“To be honest, I’m surprised…
You’re not the first to track me down but you’re the first to want to meet over drinks and not weapons. Or to come with an offer.”
Sterlyn leaned back into her seat and took a sip of her whiskey, eyelids droopy but gaze focused sharply on the wolf. She kept silent and let him speak.
“You know my record. Anyone who knows enough to find me like you have has to know what I did. And it shouldn’t exactly inspire confidence. So, why?”
“What can I say? You’re an interesting character.”
She took another sip, leaned forward, and crossed her arms on the table.
“From what we’ve read, you’d be a good addition to our merry band,” she said, a toothy grin playing about her lips. “So, what do you say, Levy? Interested?”
Rook didn't move from his position of reclining in his seat, but he narrowed his eyes, considering her offer. It had been many a year since he'd had anything to do with mobs and mafias and organizations--and many a year since he'd wanted anything to do with them.
"I've got a feeling your plan's not to just let me walk away free if the answer's no," he said. He knew how these things went down. But he had actually found himself considering this even before the meeting, for reasons beyond what this group might try if he refused. "And regardless of how you think that might go..." he trailed off and raised an eyebrow, giving the stoat a pointed look before continuing: "I might be interested." Perhaps against his better judgement. Maybe such a long time alone was getting to him. "But this is on my terms as well as yours, keep in mind. And under the condition that you don't call me that," he added, showing more teeth than necessary.
Sterlyn chuckled quietly at Rook’s first words and rested her chin on her hand. While the wolf spoke, Sterlyn studied him closely, her feigned drunken appearance gone.
“You sure do catch on quick,” she said, stealing a glance to the black bear whom had been sent as her escort. He didn’t seem to be paying attention to them as he drank at the bar, but that was his job: guard when needed and stay out of everything else. The wolf’s pointed look didn’t affect her, but she did give him a wry smile in return.
“Oh, yes, yes; this is on equal terms,” she said, showing her palms to him as she sat up. “I’ll just keep things on a first-name basis, if that’s how you want it.”
Sterlyn finished her whiskey and leaned back into her seat. “Now, what would get a veteran like yourself more interested in our business, mm?” She tapped the table to signal a waitress to refill her glass.
“Is money motivation enough for you, or are you into something… more?” she asked, her brows lowering and smile broadening. Foshog had told her to entice Rook with whatever he wanted, but she had a feeling that the senior criminal wouldn’t need much pushing. He had intelligence enough to know they meant business, and she liked that about him. Fools had no place in the Mob.
Rook laughed a bit. “Money will do,” he said. “Enough of it, anyway.” He caught Sterlyn’s glance at the bear seated nearby. But the guard wouldn’t be a concern as long as the situation continued the way it was going. “So, Arizona you say. Sunny year round.” He took a drink from his glass, studied the amber liquid, then put it down, leaned forward and crossed his arms on the table. So far this group, its choice of representation and approach, was seeming alright. So far. “But it’s the work I need to hear more about. And the individual in charge of all this.”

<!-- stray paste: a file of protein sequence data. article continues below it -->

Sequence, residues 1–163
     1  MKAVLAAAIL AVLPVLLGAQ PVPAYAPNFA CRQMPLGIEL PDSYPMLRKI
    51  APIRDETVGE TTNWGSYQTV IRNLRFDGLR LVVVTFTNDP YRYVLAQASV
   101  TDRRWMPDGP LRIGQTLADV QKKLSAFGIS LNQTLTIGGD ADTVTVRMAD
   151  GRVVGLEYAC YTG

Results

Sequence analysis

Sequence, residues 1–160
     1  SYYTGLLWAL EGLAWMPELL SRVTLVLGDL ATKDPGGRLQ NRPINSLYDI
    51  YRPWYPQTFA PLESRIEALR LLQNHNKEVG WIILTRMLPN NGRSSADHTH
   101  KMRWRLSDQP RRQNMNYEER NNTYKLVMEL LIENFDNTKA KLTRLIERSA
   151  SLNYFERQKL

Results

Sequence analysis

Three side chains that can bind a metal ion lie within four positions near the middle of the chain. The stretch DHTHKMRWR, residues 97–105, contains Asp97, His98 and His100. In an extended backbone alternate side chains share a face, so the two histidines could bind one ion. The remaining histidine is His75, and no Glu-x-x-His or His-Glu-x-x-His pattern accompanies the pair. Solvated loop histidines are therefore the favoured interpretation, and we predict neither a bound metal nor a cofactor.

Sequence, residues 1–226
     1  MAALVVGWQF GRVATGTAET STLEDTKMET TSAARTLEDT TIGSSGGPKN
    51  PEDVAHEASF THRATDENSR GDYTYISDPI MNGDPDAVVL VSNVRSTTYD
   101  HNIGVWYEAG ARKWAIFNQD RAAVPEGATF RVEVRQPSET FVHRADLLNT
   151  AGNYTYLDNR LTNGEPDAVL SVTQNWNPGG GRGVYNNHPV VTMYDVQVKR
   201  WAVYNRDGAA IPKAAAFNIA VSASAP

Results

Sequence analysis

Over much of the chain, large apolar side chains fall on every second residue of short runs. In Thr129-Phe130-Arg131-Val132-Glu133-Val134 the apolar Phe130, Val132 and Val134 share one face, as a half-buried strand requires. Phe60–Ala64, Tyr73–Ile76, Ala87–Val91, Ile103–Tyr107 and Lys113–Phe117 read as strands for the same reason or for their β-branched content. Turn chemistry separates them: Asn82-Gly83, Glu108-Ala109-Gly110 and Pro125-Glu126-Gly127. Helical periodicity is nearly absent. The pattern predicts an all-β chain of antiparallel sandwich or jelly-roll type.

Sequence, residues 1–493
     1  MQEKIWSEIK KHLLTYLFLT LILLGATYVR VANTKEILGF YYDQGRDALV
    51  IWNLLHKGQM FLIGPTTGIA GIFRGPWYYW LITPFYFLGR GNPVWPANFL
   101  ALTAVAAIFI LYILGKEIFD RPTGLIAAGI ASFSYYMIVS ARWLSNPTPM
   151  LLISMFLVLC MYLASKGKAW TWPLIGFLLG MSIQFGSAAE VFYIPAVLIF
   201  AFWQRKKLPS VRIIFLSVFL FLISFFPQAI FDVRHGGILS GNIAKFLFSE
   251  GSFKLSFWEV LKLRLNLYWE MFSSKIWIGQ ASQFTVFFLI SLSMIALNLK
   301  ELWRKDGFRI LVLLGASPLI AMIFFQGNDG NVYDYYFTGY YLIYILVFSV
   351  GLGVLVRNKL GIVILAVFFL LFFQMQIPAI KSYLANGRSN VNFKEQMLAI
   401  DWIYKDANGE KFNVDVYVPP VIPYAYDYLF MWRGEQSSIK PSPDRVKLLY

“Money’s simple enough. Makes my job a lot easier,” Sterlyn said, relaxing into her seat and eying the wolf.
“Sunny year round and hot as hell,” she said, snorting. “Wouldn’t be so bad if we were based around here. At least the beach is right around the corner. All we got in Arizona is desert.”
When the waitress placed another whiskey beside her, Sterlyn took the glass and took a sip.
“I won’t go into all the details here,” she said, swirling the alcohol in the glass as she lowered her tone. “You’ll get the chance to meet the Boss when you get there. I’ll let you in on something, though: he’s a bit of a hard-ass.”
The last part, she leaned in close and said in a whisper, but after a long pause, she burst out laughing. She quieted down after a moment, placed her hand on her face, and shook her head.
“In all seriousness,” the stoat continued, a frown replacing her grin, “although we’ve only been active a year or so, we’ve made some progress in arms dealings for people south of the border and a bit closer to home. We dabble in business affairs, too, but that’s not my forte. The Boss has been looking for other profitable dealings, but with our current numbers, it’s slow going.”
Sterlyn grew quiet, the whiskey in her glass still once more.
“Well a desert’s better than bloody Siberia or some other such nightmarish snow and ice place,” Rook said, wrinkling his nose at the thought, or the memory. “I’m going to miss the beach though,” he added with a longing glance out the window. As for this boss, he supposed he’d have to judge for himself, although by the time he got that far the deal would likely have been already sealed. He grinned at Sterlyn’s next words though. “Ah, that’s exactly my area,” he said, straightening up in his seat. “The Organization did quite a bit of arms-dealing and business affairs both. The USSR was a good place especially for the former; Europe and most everywhere else for the latter. Though that was just a part of it all--they’d find trade if there was trade to be had.” Whereas some criminal groups operated with the model of a family in mind, the Organization had been a business first and foremost. And a cutthroat one more often than not.
Sterlyn chuckled and smirked as she thought on the cold Rook had had to deal with.